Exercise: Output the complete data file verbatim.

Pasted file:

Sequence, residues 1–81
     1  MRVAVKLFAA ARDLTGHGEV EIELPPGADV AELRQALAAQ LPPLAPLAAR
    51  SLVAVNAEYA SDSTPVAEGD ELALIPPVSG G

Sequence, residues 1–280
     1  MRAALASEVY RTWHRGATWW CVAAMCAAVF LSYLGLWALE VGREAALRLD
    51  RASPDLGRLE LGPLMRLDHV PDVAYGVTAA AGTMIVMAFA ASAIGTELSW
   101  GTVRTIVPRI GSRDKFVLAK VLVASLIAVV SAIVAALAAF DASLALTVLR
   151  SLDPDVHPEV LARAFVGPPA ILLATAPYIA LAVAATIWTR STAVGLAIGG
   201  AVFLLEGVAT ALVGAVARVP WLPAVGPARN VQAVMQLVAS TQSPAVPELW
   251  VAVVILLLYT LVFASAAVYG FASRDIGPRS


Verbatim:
Sequence, residues 1–81
     1  MRVAVKLFAA ARDLTGHGEV EIELPPGADV AELRQALAAQ LPPLAPLAAR
    51  SLVAVNAEYA SDSTPVAEGD ELALIPPVSG G

Sequence, residues 1–280
     1  MRAALASEVY RTWHRGATWW CVAAMCAAVF LSYLGLWALE VGREAALRLD
    51  RASPDLGRLE LGPLMRLDHV PDVAYGVTAA AGTMIVMAFA ASAIGTELSW
   101  GTVRTIVPRI GSRDKFVLAK VLVASLIAVV SAIVAALAAF DASLALTVLR
   151  SLDPDVHPEV LARAFVGPPA ILLATAPYIA LAVAATIWTR STAVGLAIGG
   201  AVFLLEGVAT ALVGAVARVP WLPAVGPARN VQAVMQLVAS TQSPAVPELW
   251  VAVVILLLYT LVFASAAVYG FASRDIGPRS